A power struggle is emerging between a pair of investors behind some of Chicago’s buzziest restaurants. The co-owners of Maple & Ash and Etta — the flashy Gold Coast steakhouse and neighborhood hangout, respectively — met Friday, April 1 in Cook County circuit court over what co-founder David Pisor is calling an “illegal coup.”
Pisor, a co-founder of What If Syndicate, the group that owns the two restaurants, has filed a lawsuit claiming that he’s been banned from the restaurants as co-founder Jim Lasky attempts to oust him from their company. The complaint alleges Lasky has “repeatedly threatened to air Pisor’s ‘dirty laundry,’” in regards to “alleged conduct that happened years ago… unless Pisor agreed to accept a below-market buyout from Lasky.” Lasky is listed as the sole defendant.
Friday’s court hearing concerned Pisor’s request for a temporary restraining order that would allow him back into the restaurants, as well as undisclosed compensatory and punitive damages, since he is suffering “monetary damages and irreparable harm in the form of loss of reputation, loss of goodwill, and loss of current and or future restaurant opportunities.”
“We’re here basically with a business divorce case,” Jade Lambert, one of Pisor’s attorneys, said at the hearing. “But we need to put some process around this and take the heat out of it.”
She added: “Mr. Lasky no longer wants to be in business with Mr. Pisor, the problem is he’s going about it totally the wrong way, in violation of the party’s operating agreement.”
Judge Clare Quish denied Pisor’s request, saying that his legal team hadn’t demonstrated an emergency need. A hearing is scheduled for Friday, April 29.
In court, Lasky’s attorney, Doug Wexler, told Quish that What If’s HR department was investigating an incident involving Pisor and marketing director Molly Currey. A police report filed by Currey on March 11 claims PIsor made two early morning visits to her Logan Square residence, at 4:28 a.m. and again around 6:30 a.m., when he knocked on her front and back doors and called her name.
Police did not follow up on the incident, but Currey, via a company memo, told her coworkers Pisor had repeatedly called her and texted her that morning and set her dogs barking and alarm ringing. Currey says she is now “afraid of him” after dealing with a series of “verbally abusive and aggressive behavior” through the years. A February 10 office exchange between the two brought her to tears, according to an affidavit filed by Lasky’s defense team.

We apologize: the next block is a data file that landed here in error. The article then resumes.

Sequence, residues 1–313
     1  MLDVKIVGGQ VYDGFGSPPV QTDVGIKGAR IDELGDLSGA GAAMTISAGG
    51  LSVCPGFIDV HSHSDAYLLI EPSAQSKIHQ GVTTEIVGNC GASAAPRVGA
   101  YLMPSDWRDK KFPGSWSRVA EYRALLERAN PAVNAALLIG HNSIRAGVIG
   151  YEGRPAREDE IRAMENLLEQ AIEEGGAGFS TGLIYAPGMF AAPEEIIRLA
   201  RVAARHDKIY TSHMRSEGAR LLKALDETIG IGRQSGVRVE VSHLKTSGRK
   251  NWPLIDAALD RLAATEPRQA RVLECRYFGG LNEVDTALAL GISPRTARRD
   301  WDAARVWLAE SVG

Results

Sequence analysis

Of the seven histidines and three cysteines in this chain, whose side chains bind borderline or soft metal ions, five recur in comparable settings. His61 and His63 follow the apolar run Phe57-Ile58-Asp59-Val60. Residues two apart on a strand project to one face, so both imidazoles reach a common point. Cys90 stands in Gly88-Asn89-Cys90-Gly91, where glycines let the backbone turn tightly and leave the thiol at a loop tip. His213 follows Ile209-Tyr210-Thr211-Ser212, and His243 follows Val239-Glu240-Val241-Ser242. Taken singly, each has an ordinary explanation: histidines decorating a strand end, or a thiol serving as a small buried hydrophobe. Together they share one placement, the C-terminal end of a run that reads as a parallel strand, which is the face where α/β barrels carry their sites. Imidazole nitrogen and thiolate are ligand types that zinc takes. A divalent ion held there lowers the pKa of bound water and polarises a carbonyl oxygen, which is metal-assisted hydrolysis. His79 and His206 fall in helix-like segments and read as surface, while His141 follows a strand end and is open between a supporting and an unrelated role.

In court, the parties admitted to negotiating Pisor’s exit, but Pisor’s attorneys want to speed up the process and return his access to What If’s facilities. In court, Wexler said he’d be happy to return Pisor’s computer “as a going-away present.” He painted Pisor as an absentee owner. An affidavit from executive chef Danny Grant claimed Pisor wasn’t doing his job during the pandemic and that he had checked out and “drank all day.”
These accounts had no bearing on Judge Quish’s decision to deny the temporary restraining order. The judge said the police report and affidavits were categorized as “unverified banter,” and that she would only consider whether the operating agreement was violated and Lasky had legal grounds to oust Pisor.
Maple & Ash was hailed as a fresh approach to the traditionally stuffy steakhouse when it opened in 2015. The lawsuit credits Pisor with conceiving the idea and securing funding for the venture, which replaced Hunt Club, a nightclub that had lost both its edge and popularity since Lasky opened it in 1996. Hunt Club was torn down in 2013.
Lasky, Pisor, and Grant opened a second Maple & Ash in Scottsdale, Arizona, in 2019. A year prior, the more casual Etta debuted in Bucktown; a Scottsdale location is also debuting next week. Since Etta’s debut, What If has also opened chic Italian eatery Monarch and sake bar Kessaku in Dallas, along with rooftop restaurant Celestina in Culver City, California (where there’s another Etta location). Another new concept, Cafe Sophie, is planned for Chicago later this month. Another Maple & Ash is also pegged for Beverly Hills, California.
According to the lawsuit, Lasky, Pisor, and Grant each own a 31 percent stake in the company with Lasky and Pisor considered “capital members,” meaning that, “all management decisions and actions require the approval of both Lasky and Pisor.” Revenue for What If has climbed from $35 million in 2019 to a projected $180 to $200 million for 2022.
In a statement sent after Friday’s hearing, Lazar Raynal, one of Pisor’s attorneys, reiterated that “none of these allegations were raised, to our knowledge, before Mr. Lasky proposed a buy-out on March 10. Mr. Lasky is now using this as a pretext to force Mr. Pisor out... We believe that, in the wake of the company’s recent valuation, Mr. Lasky is acting out of greed.”
Raynal also characterized Pisor as being upset on March 10 when he tried to visit Currey. After learning “he was being pushed out of the company he’d built, Mr. Pisor went to the home of someone he believed was a friend — someone he had hired and known for 15 years. Mr. Pisor’s conduct was legal, and the police took no action as a result of the complaint.”
Prior to Friday’s hearing, What If issued a brief statement: “At this time, the company will not comment on a meritless and frivolous lawsuit.”